How to interpret “I think love is a touch and yet not a touch” by Salinger?

As to the translation of this sentence, I’m insistently AGAINST 99% of the versions you’ve read on the web, and here is why.

If you preferred to draw a sentence out of its context, translate it, and put some clever touches to it to make it sound epitaphic, every effort would seem so great. However, that’s not what it’s supposed to be.

Let’s recall the scenario using pithy statements. A man (the author of this sentence) encounters a young lady (Miss Lester) on a bus and feels affection for her at the first sight. Rather than talk fondly to her, he gets to know her by stealing her bag, and then gets prisoned. After his accidental death, a hypothetical love letter to Miss Lester is penned, including the vague sentence to be deciphered by eager Chinese readers/amateur translators.

The context is as follows:

Loving you is the important thing, Miss Lester. There are some people who think that love is sex and marriage and six-o’clock kisses and children, and perhaps it is, Miss Lester. But do you know what I think? I think that love is a touch and yet not a touch.

As is clearly seen, there’s a contrast within the above chunk. “Some people think that love is X, while I think (he thinks) that love is Y.” If X=sex, marriage, six-o’clock kisses, children (all that is material, realistic existence)then Y=?

To make sense, the sentence needs to incorporate Y as an opposite of X (material world). Thus, Y should be a simple, unworldly concept irrelevant to ordinary romantic and sexual relationships.

What if Y = a touch and yet not a touch?

When we say “love is a touch” and then negate the very statement, we are being either illogical or intentional. Given the authorship of Salinger, we’d embrace the latter — the art of rhetoric by design— without question.

If you’ve already borne in mind that the man steals her bag to approach Miss Lester, you will find it awkward and funny to deem that “the touch is intended and then aborted in the meantime/halfway” because his deed is somewhat and somehow unchecked and rash. Such a restrained manner as withdrawing his hand(s) just doesn’t become him.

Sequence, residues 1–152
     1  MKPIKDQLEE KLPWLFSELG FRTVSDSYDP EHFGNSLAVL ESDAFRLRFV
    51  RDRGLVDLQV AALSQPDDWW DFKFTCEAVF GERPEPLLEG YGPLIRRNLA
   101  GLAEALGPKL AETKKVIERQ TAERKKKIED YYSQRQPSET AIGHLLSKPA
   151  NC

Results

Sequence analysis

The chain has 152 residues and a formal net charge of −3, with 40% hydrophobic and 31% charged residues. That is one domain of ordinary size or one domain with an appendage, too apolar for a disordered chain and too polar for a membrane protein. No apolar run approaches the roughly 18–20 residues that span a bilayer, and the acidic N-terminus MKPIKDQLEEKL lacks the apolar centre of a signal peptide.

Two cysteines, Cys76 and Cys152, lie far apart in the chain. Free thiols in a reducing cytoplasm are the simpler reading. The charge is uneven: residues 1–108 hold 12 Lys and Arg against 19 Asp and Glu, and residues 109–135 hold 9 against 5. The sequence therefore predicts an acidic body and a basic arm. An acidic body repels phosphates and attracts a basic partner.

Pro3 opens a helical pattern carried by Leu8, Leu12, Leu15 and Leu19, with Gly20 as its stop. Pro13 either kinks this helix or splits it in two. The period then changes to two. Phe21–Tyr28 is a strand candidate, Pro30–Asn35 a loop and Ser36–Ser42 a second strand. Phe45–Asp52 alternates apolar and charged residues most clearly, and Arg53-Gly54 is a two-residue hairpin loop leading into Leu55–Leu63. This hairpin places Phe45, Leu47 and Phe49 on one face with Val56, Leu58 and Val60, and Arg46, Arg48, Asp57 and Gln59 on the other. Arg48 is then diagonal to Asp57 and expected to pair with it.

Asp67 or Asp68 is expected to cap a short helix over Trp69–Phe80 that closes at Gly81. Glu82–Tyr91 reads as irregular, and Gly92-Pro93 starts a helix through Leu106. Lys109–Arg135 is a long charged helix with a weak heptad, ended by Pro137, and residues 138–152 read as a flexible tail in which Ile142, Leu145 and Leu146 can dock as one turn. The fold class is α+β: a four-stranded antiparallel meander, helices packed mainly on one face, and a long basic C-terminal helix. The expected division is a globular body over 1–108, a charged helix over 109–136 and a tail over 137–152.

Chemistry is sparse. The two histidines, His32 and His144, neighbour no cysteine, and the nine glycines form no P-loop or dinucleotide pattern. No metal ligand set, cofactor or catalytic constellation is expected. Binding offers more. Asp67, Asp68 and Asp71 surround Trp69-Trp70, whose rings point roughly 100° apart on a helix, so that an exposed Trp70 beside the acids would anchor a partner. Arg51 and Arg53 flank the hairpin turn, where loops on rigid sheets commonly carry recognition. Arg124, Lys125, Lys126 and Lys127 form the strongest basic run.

Actually, at the beginning of the story, the man feels “the inexpressible agony of being unable to bend down and kiss Lester’s parted lips” on the bus. So he is very unlikely to be reserved or platonic. In the first letter he writes in prison to Lester, he confesses, “I did not really mean to steal your purse. I just took it because I love you. You see I only wanted to get to know you. Will you please write me a letter sometime when you get the time? It gets pretty lonely here and I love you very much and maybe even you would come to see me some time if you get the time.” Apart from the bold claims he makes, more importantly, we know that he’s hungry for Lester’s response and/or her showing up. This of course does not accord with “withdrawing his hand(s).”

In “love is a touch and yet not a touch,” the use of touch serves as a pun. A touch describes how simply the man falls in love with Lester—only a touch of the heart is needed, and not a touch indicates that he desires more than that—only a touch of love is definitely not what he promises to give/hopes to receive.

All in all it’s plain to see the whole picture. We have to relate this simple, unworldly concept of love to his distinctive manner, and come up with any of these interpretations:

  • Love is what simply grows from a moment of contact and yet should not be as primitive as that.
  • Love could be budding out of the blue, but it’s bound to blossom one day.
  • Love is an infatuation as well as evolution from that.
  • Love always starts unannounced from within, and it’s expected to grow immense (if you please).

Chinese Version: 旁人目中,情或囿於床笫,或狹指姻緣。抑或例行親暱,子孫頑健。而私以為,情如靜水投石,驟生漣漪,若不成驚濤駭浪,安能如願。

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